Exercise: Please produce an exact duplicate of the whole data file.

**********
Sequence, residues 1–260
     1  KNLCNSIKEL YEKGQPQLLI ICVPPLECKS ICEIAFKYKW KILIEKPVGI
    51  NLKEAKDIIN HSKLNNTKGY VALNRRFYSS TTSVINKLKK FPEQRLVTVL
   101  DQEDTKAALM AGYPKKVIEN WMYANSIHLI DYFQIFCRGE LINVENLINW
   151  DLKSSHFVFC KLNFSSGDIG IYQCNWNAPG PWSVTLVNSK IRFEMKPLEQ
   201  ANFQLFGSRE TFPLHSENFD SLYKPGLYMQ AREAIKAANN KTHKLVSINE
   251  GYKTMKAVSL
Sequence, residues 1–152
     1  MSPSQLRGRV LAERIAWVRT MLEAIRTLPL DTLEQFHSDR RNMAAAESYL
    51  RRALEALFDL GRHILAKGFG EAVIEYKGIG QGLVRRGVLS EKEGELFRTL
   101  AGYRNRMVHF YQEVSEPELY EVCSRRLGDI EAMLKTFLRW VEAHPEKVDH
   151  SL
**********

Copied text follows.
Sequence, residues 1–260
     1  KNLCNSIKEL YEKGQPQLLI ICVPPLECKS ICEIAFKYKW KILIEKPVGI
    51  NLKEAKDIIN HSKLNNTKGY VALNRRFYSS TTSVINKLKK FPEQRLVTVL
   101  DQEDTKAALM AGYPKKVIEN WMYANSIHLI DYFQIFCRGE LINVENLINW
   151  DLKSSHFVFC KLNFSSGDIG IYQCNWNAPG PWSVTLVNSK IRFEMKPLEQ
   201  ANFQLFGSRE TFPLHSENFD SLYKPGLYMQ AREAIKAANN KTHKLVSINE
   251  GYKTMKAVSL
Sequence, residues 1–152
     1  MSPSQLRGRV LAERIAWVRT MLEAIRTLPL DTLEQFHSDR RNMAAAESYL
    51  RRALEALFDL GRHILAKGFG EAVIEYKGIG QGLVRRGVLS EKEGELFRTL
   101  AGYRNRMVHF YQEVSEPELY EVCSRRLGDI EAMLKTFLRW VEAHPEKVDH
   151  SL